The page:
For the 10 states in which patients with commercial coverage seemed to have the biggest edge in finding doctors over patients with Medicaid coverage, read on.

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10. Arizona

Percentage of physicians in the state who are taking new patients with…

Commercial coverage: 87.9 percent

Medicaid: 70.1 percent

Medicare: 88.9 percent

Commercial advantage index: +20 percent

See also: Health Net’s earnings: 3 takeaways

Stoney Creek, Connecticut

9. Connecticut

Percentage of physicians in the state who are taking new patients with…

Commercial coverage: 90.6 percent

Medicaid: 72.5 percent

Medicare: 86.1 percent

Commercial advantage index: +21 percent

See also: High earners cool to Connecticut PPACA exchange plans

Image: Stoney Creek, Conn.

Chicago

8. Illinois

Percentage of physicians in the state who are taking new patients with…

Commercial coverage: 95.1 percent

Medicaid: 73.2 percent

Medicare: 88.7 percent

Commercial advantage index: +25 percent

See also: Recession-scarred U.S. states ill-prepared for next fiscal shock

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7. Kansas

Percentage of physicians in the state who are taking new patients with…

Commercial coverage: 86.2 percent

Medicaid: 64.6 percent

Medicare: 84.7 percent

Commercial advantage index: +26 percent

See also: Sebelius to resign

Skateboarder

6. California

Percentage of physicians in the state who are taking new patients with…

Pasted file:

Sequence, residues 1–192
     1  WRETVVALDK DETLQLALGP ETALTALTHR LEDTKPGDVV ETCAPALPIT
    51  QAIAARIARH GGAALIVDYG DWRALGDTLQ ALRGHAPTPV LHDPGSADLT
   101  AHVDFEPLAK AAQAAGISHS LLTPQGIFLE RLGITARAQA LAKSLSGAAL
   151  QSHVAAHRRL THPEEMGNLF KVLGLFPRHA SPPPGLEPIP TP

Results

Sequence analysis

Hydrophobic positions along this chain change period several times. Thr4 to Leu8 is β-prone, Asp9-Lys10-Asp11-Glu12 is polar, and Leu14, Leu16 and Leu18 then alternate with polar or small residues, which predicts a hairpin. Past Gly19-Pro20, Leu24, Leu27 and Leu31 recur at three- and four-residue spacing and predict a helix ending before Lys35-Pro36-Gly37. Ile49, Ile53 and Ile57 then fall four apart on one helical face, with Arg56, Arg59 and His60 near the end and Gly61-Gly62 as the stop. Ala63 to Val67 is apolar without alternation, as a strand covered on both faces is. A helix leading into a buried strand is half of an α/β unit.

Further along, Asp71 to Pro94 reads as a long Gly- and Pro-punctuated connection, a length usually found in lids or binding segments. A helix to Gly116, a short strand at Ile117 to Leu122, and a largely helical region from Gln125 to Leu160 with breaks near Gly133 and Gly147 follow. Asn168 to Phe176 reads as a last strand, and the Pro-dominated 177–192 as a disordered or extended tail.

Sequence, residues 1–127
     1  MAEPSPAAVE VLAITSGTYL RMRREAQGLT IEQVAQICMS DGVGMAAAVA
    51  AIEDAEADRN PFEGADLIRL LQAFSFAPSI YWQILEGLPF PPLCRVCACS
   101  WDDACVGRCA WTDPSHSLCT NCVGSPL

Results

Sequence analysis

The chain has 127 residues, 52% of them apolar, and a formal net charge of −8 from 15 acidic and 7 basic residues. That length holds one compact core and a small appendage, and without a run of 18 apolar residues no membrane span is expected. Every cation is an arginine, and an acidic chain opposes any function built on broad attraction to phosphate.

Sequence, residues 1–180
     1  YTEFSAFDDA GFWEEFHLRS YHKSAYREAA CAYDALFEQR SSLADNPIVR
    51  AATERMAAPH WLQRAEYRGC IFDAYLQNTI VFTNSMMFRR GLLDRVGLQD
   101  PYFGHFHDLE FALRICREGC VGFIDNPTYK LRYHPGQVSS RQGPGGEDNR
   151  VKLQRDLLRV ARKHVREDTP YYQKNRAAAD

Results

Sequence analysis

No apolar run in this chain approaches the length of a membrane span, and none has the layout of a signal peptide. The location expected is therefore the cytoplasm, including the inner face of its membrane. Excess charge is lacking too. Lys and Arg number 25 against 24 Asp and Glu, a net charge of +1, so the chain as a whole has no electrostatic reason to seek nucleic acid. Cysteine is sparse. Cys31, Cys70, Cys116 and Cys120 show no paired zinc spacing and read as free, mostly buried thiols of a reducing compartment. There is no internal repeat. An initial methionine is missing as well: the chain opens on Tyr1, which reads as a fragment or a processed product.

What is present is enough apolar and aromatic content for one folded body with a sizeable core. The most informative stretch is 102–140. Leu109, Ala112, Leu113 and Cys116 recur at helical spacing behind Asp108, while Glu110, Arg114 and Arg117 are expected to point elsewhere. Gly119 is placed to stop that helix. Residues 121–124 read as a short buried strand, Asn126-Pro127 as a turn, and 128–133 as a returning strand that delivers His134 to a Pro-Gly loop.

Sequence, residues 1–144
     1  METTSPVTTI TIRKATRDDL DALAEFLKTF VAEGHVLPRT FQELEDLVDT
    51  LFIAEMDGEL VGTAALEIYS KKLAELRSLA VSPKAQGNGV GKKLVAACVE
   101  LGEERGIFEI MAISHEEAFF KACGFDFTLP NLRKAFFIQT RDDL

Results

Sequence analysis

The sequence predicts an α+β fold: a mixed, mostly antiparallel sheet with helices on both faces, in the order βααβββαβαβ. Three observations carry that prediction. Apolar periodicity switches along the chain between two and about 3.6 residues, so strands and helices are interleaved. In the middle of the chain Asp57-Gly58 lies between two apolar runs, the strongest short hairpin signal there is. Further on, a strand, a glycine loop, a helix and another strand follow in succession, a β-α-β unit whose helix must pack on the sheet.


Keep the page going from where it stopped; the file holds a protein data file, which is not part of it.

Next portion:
Commercial coverage: 76.6 percent

Medicaid: 54.2 percent

Medicare: 77.2 percent

Commercial advantage index: +29 percent

See also: Should California set up a state LTCI program?

Image: A skateboarder in San Francisco

New York City's Financial District

5. New York

Percentage of physicians in the state who are taking new patients with…

Commercial coverage: 80.1 percent

Medicaid: 57.1 percent

Medicare: 77.5 percent

Commercial advantage index: +30 percent

See also: Taking advantage of health care transparency trends

Image: Manhattan (LHP photo/Allison Bell)

Texas boots

4. Texas

Percentage of physicians in the state who are taking new patients with…

Commercial coverage: 80.6 percent

Medicaid: 57.6 percent

Medicare: 76.9 percent

Commercial advantage index: +30 percent

See also: Uninsured rate is also bigger in Texas

Image: Texas boots (GI photo/Robert M. Peacock)

Homeless man on Miami Beach

3. Florida

Percentage of physicians in the state who are taking new patients with…

Commercial coverage: 84.7 percent

Medicaid: 55.9 percent

Medicare: 88.4 percent

Commercial advantage index: +33 percent

See also: Florida doctor tied to Menendez indicted for Medicare fraud

Image: A homeless man in Miami Beach, Fla. (GI photo/Gregory Witczak)

A ruined home in Louisiana

2. Louisiana

Percentage of physicians in the state who are taking new patients with…

Commercial coverage: 86.5 percent

Medicaid: 56.8 percent

Medicare: 83.5 percent

Commercial advantage index: +36 percent

See also: Baton Rouge emergency room shows the cost of PPACA fight

Image: An abandoned home in Louisiana (GI photo/John Kelly)

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1. New Jersey

Percentage of physicians in the state who are taking new patients with…

Commercial coverage: 87.5 percent

Medicaid: 38.7 percent

Medicare: 82.6 percent

Commercial advantage index: +59 percent

See also: New Jersey bonds add to pension costs as bills rise: muni credit